Hawaii’s congressional delegation holds field hearing on false missile alert

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Hawaii’s congressional delegation held a field hearing at the East-West Center in Honolulu Thursday to examine what went wrong when a false missile alert was sent to cell phones across the state on Jan. 13.

Representatives from the Hawaii Emergency Management Agency, Federal Communications Commission, FEMA, and the U.S. Pacific Command all took park part in the hearing.

Lawmakers say while individual states need to play a role, they agree that alerting the public about any incoming ballistic missile should be federal responsibility.

“We now have a convoluted process, and we have a convoluted process that, based on results, is a failure,” said Sen. Brian Schatz. “The FEMA model is, there’s a flood in San Mateo County, San Mateo County should be informed. There’s a hurricane in the Western Pacific, people should be informed. But if we are at war, there is no reason not to inform every American citizen. The idea that there should be a regional alert about an incoming ICBM is preposterous.”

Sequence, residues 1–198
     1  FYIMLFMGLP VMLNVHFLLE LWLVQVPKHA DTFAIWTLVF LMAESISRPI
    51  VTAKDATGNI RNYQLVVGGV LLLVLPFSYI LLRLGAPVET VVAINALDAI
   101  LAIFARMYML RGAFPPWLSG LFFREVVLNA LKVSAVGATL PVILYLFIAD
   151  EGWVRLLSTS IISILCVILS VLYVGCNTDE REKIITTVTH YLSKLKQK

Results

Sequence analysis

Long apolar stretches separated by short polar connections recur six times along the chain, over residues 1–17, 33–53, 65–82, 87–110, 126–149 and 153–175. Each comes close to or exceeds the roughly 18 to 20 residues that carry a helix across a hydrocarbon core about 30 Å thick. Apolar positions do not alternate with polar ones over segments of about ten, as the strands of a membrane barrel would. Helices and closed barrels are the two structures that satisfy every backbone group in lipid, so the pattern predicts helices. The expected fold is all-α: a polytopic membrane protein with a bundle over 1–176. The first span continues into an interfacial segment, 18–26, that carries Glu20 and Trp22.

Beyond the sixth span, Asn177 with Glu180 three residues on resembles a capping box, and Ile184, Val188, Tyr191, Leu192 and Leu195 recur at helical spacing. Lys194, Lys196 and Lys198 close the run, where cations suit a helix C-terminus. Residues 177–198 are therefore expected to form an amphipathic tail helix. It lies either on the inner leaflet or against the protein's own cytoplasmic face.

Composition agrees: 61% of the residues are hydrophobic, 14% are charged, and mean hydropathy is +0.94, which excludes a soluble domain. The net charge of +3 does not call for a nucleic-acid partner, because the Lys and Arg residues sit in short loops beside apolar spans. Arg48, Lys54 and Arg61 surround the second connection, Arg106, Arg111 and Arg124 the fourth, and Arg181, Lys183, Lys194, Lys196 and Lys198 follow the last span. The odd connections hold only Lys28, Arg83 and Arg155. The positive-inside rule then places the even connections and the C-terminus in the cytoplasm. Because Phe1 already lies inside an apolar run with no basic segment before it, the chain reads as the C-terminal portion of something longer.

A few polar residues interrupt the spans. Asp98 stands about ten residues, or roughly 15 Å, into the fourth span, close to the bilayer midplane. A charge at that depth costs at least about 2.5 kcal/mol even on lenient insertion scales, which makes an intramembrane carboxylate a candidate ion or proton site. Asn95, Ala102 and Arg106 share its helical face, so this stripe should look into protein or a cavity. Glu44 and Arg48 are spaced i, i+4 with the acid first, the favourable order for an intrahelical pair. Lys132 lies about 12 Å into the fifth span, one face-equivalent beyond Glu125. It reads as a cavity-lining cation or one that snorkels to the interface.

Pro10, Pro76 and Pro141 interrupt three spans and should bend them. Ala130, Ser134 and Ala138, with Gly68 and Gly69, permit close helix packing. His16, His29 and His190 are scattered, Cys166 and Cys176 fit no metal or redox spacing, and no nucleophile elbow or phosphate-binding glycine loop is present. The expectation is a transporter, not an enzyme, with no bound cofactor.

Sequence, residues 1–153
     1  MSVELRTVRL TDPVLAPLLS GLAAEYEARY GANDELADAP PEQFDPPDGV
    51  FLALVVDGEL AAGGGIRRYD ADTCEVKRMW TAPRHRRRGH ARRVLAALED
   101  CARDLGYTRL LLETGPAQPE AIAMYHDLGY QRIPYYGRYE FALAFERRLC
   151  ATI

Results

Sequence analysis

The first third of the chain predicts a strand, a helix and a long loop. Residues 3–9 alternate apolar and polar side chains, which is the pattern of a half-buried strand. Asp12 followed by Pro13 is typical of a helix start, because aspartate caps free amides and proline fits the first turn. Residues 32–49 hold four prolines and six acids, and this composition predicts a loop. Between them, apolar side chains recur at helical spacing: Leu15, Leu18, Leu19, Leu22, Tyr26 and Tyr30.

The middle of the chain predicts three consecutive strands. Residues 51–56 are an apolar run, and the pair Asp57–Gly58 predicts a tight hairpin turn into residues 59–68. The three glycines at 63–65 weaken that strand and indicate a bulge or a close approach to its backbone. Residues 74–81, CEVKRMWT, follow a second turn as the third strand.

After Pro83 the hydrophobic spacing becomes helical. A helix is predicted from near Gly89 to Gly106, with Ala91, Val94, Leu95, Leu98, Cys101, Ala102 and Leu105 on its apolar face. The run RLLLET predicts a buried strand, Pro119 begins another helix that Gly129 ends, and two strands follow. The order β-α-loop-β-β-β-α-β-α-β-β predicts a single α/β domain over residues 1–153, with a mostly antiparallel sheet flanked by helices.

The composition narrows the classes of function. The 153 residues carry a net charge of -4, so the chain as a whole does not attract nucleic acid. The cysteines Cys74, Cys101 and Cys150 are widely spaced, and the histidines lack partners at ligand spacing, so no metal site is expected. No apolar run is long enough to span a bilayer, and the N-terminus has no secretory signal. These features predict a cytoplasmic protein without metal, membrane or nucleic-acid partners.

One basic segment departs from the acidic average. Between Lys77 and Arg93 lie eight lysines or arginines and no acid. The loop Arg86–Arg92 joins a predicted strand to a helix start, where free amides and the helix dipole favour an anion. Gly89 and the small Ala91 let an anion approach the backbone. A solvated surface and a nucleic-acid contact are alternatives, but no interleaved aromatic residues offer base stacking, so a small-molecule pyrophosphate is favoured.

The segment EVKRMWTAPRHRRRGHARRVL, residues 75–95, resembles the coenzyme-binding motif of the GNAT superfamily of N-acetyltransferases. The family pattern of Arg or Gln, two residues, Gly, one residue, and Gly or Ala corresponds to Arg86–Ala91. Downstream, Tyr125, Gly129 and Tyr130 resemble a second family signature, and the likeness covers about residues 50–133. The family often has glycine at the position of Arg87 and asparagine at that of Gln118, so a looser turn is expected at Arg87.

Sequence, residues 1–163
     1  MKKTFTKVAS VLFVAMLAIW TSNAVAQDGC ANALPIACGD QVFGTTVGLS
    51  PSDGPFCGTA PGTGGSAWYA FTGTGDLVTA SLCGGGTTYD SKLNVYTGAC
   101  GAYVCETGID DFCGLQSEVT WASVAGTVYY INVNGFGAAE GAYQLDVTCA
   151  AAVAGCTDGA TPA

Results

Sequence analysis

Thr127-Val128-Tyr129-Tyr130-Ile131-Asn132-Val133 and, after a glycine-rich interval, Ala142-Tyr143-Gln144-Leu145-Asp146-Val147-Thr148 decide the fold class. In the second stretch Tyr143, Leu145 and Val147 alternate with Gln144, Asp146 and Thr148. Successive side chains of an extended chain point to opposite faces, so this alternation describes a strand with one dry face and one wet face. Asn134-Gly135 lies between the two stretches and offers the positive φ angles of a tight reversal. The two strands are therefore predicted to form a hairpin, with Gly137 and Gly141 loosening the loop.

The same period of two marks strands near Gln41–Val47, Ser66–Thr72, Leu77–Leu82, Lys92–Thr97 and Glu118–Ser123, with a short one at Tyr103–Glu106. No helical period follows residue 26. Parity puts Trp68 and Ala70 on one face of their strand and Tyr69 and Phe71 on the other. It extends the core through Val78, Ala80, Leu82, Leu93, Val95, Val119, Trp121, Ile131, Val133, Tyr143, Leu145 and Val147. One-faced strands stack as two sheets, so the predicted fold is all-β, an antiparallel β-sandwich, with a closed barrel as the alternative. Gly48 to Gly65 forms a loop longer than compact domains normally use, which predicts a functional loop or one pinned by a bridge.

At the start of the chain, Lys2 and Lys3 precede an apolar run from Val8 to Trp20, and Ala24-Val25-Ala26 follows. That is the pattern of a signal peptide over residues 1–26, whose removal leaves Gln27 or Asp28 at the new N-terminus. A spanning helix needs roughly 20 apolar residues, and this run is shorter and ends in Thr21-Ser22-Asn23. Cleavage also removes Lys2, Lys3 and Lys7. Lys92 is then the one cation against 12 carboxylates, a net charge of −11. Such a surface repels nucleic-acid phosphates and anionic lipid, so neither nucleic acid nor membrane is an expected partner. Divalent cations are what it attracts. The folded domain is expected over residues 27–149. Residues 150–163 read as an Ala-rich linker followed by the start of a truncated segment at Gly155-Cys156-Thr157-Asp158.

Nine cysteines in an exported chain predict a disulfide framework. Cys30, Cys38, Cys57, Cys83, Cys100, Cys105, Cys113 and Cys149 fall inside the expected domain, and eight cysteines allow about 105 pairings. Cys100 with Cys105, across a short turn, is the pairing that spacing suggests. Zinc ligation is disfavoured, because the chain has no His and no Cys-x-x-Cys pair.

“We have subsequently learned that PACOM is part of this system, so the sirens went off at Pearl Harbor. The Pearl Harbor workers also ran off the base, and drove off the base. So the question becomes why, and who should address it?” said Rep. Colleen Hanabusa. “Rep. Gabbard and I have asked the House Armed Services Committee to look into that, because we do believe there is a role the military has to play, and the role the military has to play is one of really assuring the people across the United States, but especially in Hawaii.”

“Moving forward, we will continue to exercise missile notification procedures with HI-EMA, and will continue to support nation state threat planning for ballistic missile notification response to include integration with FEMA’s national warning system,” said Rear Adm. Patrick Piercey, USPACOM director of operations.

“Part of the issue, what we had is we developed the ballistic alert campaign plan in three phases,” said Maj. Gen. Arthur “Joe” Logan, Adjutant General, HI-EMA. “Phase one was the public outreach, and to understand and speed up the notifications between PACOM, FEMA, to the state warning point, and we could put out the alert to the public. So that was phase one. So what we did is we really started flying the plane before we built the whole plan.”

The FCC agrees multiple improvements need to be made across the country.

At the top of the list, states need to file emergency alert plans with the FCC, and develop future alert capabilities that offer audio and video streaming services.

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